#worktok: The surge of venting about the worst of work
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Workers across the world have picked up their smartphones to vent about the 9-to-5 on TikTok, the social media app with a billion monthly users.
The app, in which users dive down an infinite scroll of short videos filmed by other users, attracts thousands of workers complaining about and making fun of work and their day jobs, mostly in the form of short comedy sketches filmed on their phones, often set to music and sometimes peppered with explicit language. The videos are filed under the popular hashtag of #worktok (as well as #careertok and simply #work) and are watched by millions.
The experiences and nuances of corporate life and working in an office are relatable and almost universal.
Whether it's the annoyance of turning cameras on for Zoom calls or the whiplash of sudden check-ins with your boss, no work-related quirk is safe from ridicule.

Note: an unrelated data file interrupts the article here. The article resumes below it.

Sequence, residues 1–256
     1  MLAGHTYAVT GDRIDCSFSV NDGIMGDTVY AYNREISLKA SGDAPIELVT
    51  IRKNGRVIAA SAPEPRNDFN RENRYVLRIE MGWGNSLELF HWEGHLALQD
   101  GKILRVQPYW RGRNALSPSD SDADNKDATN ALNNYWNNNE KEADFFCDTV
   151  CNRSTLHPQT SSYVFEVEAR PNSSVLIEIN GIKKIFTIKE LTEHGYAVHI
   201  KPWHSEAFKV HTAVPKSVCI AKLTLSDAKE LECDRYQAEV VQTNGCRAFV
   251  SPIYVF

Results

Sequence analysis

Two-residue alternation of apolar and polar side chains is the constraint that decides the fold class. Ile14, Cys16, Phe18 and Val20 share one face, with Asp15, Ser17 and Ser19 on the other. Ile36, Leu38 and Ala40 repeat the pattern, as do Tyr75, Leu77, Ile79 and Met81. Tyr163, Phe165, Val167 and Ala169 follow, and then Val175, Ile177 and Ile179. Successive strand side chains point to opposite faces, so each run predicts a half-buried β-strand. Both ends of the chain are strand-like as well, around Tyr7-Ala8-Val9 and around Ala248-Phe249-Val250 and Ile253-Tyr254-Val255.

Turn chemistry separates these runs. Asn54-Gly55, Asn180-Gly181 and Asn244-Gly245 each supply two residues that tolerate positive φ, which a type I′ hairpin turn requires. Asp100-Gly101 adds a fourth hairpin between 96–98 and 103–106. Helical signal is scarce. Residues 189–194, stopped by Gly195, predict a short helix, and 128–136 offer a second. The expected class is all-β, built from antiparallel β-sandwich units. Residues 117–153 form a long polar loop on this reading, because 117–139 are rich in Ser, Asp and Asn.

Many users on #worktok – a tag that has more than a half-billion views – found themselves ending up on TikTok out of lockdown malaise, when their companies implemented remote-work policies more than two years ago.
#worktok shows how so many of us go through the same experiences, regardless of what our jobs are.
The rise of #worktok is part of a broader referendum on the current state of work.
These videos provide light-hearted viral distractions that let people bond over what they dislike about work – but they also reflect how, as the pandemic has dragged on, many of the problematic elements of work have come under increased scrutiny.
There is a realisation among many knowledge workers that they don't necessarily need to be in the office every single day.
These TikTok videos are emblematic of the recent push for more worker flexibility, better work-life balance and greater mental health awareness.
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TikTok: The new place for venting.
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